Drumheller

From Wikipedia, the free encyclopedia
Jump to navigation Jump to search
Drumheller
Town
Town of Drumheller
The view out of "World's Largest Dinosaur" across Drumheller
The view out of "World's Largest Dinosaur" across Drumheller
Flag of Drumheller
Flag
Nickname(s): 
Dinosaur Capital of the World[1]
Country Canada
Province Alberta
RegionSouthern Alberta
Census division5
Founded1912
 • Village
 • Town
 • City
 • Town
May 15, 1913
March 2, 1916
April 3, 1930
January 1, 1998
Amagamation[2]January 1, 1998
Government
 • MayorTerry Yemen
 • Governing body
 • CAORay Romanetz
 • MPKevin Sorenson (Crowfoot)
 • MLARick Strankman (Drumheller-Stettler)
Area
 (2011)[4]
 • Total107.93 km2 (41.67 sq mi)
Elevation
670 m (2,200 ft)
Population
(2011)[4]
 • Total8,029
 • Density74.4/km2 (193/sq mi)
Time zoneUTC-7 (MST)
 • Summer (DST)UTC-6 (MDT)
Postal code span
Area code(s)+1-403
WebsiteOfficial municipal site

Drumheller (/[invalid input: 'icon']drʌmˈhɛlər/) is a town (formerly a city) within the Red Deer River valley in the badlands of east-central Alberta, Canada. It is located 110 kilometres (68 mi) northeast of Calgary. The Drumheller portion of the Red Deer River valley, often referred to as Dinosaur Valley, has an approximate width of 2 kilometres (1.2 mi) and an approximate length of 28 kilometres (17 mi).

History

The town is named for Colonel Samuel Drumheller, who bought land in 1910 and started coal mining operations here in 1911.[5] Drumheller became a railway station in 1912.[5] It then incorporated as a village on May 15, 1913, a town on March 2, 1916 and a city on April 3, 1930.[2] Over a 15-year period, Drumheller's population increased 857% from 312 in 1916[6] to 2,987 in 1931[7] shortly after becoming a city. Once Western Canada's largest coal producer,[citation needed] Drumheller now contributes to Alberta's energy sector and is home to Alberta's second largest natural gas deposit, the West Drumheller Field.[citation needed]

To benefit from provincial and federal grants,[citation needed] the City of Drumheller dropped its city status in favour of town status when it amalgamated with the Municipal District (M.D.) of Badlands No. 7 on January 1, 1998.[8] As a result of the amalgamation, Drumheller became Alberta’s largest town in terms of area at 111 square kilometres (43 sq mi).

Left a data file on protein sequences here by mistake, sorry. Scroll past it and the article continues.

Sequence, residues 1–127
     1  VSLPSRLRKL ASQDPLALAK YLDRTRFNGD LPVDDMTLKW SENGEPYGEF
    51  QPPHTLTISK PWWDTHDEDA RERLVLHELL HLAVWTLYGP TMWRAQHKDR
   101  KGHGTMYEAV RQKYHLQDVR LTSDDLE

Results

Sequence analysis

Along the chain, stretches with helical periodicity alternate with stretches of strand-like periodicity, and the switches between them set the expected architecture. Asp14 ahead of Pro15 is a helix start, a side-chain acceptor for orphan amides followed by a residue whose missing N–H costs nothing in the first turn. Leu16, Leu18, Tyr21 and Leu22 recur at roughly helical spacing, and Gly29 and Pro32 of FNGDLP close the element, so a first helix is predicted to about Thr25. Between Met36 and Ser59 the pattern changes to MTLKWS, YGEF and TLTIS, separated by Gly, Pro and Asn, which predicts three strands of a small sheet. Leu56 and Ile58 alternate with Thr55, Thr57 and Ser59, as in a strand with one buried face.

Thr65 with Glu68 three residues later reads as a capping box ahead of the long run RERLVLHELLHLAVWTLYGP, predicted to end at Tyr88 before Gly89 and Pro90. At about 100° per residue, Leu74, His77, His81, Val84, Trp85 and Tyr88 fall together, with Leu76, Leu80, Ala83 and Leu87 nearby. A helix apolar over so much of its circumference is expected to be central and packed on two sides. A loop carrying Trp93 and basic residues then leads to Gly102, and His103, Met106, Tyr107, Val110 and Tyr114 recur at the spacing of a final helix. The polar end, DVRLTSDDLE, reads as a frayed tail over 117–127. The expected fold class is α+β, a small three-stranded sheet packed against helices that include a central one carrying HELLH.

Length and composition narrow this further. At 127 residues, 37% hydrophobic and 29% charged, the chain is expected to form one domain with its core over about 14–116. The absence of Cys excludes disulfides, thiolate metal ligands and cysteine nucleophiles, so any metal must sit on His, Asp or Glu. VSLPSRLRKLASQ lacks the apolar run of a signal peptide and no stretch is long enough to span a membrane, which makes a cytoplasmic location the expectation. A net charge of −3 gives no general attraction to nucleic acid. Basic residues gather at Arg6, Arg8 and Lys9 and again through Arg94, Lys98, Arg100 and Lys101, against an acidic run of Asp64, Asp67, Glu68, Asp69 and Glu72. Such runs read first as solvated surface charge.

The 1998 amalgamation with the M.D. of Badlands No. 7 resulted in Drumheller absorbing seven unincorporated communities that were previously under the jurisdiction of the M.D. – Aerial, Cambria, East Coulee, Lehigh, Nacmine, Rosedale and Wayne. Drumheller also previously absorbed the sizeable communities of Midlandvale, Newcastle and North Drumheller during annexations while under city status. Eladesor, Kneehill, Rosedale Station, Western Monarch (Atlas)[9] and Willow Creek are numerous other localities within Drumheller[10] that were absorbed through past annexations or its eventual amalgamation with the M.D. of Badlands No. 7.

In total, Drumheller has absorbed at least 13 other communities in its history, some of which are now recognized as neighbourhoods or districts within the town.[11]

Drumheller has been the filming location for more than 50 commercials, television and cinematic productions including Running Brave, MythQuest, Unforgiven, ABC's miniseries Dreamkeeper and TNT's miniseries Into the West.

Geography

Climate

Demographics

In the 2011 Census, the Town of Drumheller had a population of 8,029 living in 3,182 of its 3,418 total dwellings, a 1.2% change from its 2006 population of 7,932. With a land area of 107.93 km2 (41.67 sq mi), it had a population density of 74.391/km2 (192.671/sq mi) in 2011.[4]

According to the Canada 2006 Census:[13]

Population: 7,932
Land area: 110.80 square kilometres (42.78 sq mi)
Population density: 73.5 people/km² (190.4/sq mi)